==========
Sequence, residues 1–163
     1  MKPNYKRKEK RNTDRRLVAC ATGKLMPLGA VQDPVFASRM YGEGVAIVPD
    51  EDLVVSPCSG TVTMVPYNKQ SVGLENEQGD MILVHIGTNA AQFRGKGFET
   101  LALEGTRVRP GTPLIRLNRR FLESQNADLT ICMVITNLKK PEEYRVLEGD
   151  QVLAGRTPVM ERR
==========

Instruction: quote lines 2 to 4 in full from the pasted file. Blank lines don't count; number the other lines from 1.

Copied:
     1  MKPNYKRKEK RNTDRRLVAC ATGKLMPLGA VQDPVFASRM YGEGVAIVPD
    51  EDLVVSPCSG TVTMVPYNKQ SVGLENEQGD MILVHIGTNA AQFRGKGFET
   101  LALEGTRVRP GTPLIRLNRR FLESQNADLT ICMVITNLKK PEEYRVLEGD